December 1, 2017

Undertakers and undertaking in Windham from 1867 – 2017. The legacy of two families by Walter Lunt

Horse-drawn hearse
“Windham: Then and Now” - The sixth in a series of historical topics about Windham’s unique history and heritage

For nearly 150 years, only two family names were associated with the undertaking business in Windham - Nichols and Dolby. 

Charles Nichols brought his family from Lynn, Mass. to Popeville in Windham in 1849. In addition to being a master mechanic, Nichols was a skilled cabinet maker and carpenter. He was hired by the Popes to do maintenance on the Pope’s mills at Pleasant River, which included a saw mill, grist mill and a small woolen mill (remains of the old Pope dam are still evident on the upstream side of the bridge). 

The Nichols family moved into quarters on the second floor of the Pope store on the westerly side of the road near the river. During his tenure with the Popes, Nichols distinguished himself as a coffin maker. The wooden caskets were made of pine and stained with lampblack (a sooty pigment used in paints, ink or blacking). More than a half century later, Nichols’ grandson, John C., would tell the Portland Evening Express, “ . . . there was nothing pretty about them, (but) people came from all around to have coffins made.” the Pope mills were wiped out by the surging flood waters of Little Sebago Lake following a dam break in 1861, Nichols moved to South Windham and by 1867 had established the town’s first undertaking business. Here he began producing a higher quality casket, according to John C., “. . . made out of white wood (that) permitted a better finish and were much more attractive.” The lack of undertakers in the area helped make the new enterprise highly successful.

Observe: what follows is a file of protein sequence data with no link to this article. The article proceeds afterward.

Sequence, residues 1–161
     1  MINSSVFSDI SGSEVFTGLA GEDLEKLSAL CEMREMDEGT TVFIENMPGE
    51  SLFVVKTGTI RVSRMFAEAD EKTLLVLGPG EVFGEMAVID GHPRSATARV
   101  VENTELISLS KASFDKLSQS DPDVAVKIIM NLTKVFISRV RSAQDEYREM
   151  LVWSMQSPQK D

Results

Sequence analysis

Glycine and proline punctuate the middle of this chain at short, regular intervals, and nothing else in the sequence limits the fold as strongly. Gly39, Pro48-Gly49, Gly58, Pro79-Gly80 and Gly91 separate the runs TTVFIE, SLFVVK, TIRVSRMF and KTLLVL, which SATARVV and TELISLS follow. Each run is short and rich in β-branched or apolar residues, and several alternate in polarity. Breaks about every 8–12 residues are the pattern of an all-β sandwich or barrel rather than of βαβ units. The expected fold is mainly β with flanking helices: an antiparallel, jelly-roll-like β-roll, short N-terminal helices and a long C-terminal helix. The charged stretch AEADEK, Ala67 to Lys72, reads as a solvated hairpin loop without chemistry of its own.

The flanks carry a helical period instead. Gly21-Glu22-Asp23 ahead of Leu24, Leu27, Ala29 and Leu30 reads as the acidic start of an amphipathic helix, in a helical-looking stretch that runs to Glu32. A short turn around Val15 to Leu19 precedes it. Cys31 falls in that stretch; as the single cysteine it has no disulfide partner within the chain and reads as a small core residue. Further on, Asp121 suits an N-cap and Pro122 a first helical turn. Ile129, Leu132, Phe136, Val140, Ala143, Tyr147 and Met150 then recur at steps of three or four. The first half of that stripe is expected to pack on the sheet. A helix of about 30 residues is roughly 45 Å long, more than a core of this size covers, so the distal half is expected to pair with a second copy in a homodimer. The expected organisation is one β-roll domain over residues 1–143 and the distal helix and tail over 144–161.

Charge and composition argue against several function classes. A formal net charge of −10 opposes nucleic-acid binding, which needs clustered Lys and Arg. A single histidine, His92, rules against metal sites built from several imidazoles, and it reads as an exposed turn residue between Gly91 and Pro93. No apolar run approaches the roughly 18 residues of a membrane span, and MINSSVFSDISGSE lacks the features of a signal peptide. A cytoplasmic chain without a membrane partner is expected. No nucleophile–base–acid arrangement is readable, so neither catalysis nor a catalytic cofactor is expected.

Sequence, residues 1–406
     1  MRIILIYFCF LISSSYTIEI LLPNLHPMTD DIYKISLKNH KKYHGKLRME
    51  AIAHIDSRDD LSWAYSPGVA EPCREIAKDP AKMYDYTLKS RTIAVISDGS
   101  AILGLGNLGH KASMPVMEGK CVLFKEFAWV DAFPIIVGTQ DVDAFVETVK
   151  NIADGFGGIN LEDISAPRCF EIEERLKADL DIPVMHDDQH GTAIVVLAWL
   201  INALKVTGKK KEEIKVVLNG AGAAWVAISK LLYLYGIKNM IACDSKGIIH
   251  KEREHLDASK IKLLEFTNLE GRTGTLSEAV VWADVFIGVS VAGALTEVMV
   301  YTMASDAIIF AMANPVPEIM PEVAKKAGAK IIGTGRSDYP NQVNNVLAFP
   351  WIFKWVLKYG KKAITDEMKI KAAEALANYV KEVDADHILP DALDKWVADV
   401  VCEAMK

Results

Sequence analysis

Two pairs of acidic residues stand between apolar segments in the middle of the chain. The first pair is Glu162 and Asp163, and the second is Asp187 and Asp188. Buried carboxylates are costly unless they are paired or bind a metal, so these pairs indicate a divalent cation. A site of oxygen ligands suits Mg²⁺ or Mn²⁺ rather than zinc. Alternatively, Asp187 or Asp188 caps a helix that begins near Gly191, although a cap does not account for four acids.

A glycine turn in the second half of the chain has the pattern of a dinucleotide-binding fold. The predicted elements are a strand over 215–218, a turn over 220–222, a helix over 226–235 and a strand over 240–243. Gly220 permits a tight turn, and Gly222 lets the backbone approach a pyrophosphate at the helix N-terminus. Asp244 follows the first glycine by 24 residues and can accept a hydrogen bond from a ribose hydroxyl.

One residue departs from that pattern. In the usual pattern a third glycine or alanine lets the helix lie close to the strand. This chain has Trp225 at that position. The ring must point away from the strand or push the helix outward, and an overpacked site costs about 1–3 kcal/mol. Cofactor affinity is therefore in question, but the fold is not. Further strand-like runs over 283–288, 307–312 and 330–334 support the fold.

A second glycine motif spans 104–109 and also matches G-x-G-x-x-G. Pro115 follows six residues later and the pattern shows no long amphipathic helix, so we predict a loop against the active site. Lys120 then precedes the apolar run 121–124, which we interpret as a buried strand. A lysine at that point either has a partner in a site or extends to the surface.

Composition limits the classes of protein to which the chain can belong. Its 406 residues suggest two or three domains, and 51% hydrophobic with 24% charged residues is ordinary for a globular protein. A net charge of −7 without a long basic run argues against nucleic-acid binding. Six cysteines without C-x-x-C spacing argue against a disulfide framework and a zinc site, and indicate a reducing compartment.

Nichols died in 1887. His son, Charles A. Nichols took over the family business, carrying on with his father’s progressive ideas. Two years earlier, town voters had approved the purchase of a horse-drawn hearse, an idea that had been voted down twice in previous years. Hand-crafted by the Brownell Co. of New Bedford, Mass. at a cost of $400 (a princely sum for the times), the modified carriage was adorned with side columns, draperies and ornate hand-carved wooden urns. A typical “country undertakers” wagon at the time, it was supported by large wooden-spoked wheels with steel tire rims. 
Brass kerosene lamps were mounted high in the front on each side of the driver. Rear doors provided access for the coffin. This hearse would not accommodate a modern-sized casket.

Today, the so-called Windham horse-drawn hearse is stored and preserved (in moderately good condition) at the Windham Historical Society’s Old Grocery Museum at Windham Center. Before 2004, it had been locked in its original carriage house near the entrance to Smith Cemetery on Route 202, near Foster’s Corner. The aging structure was only recently torn down.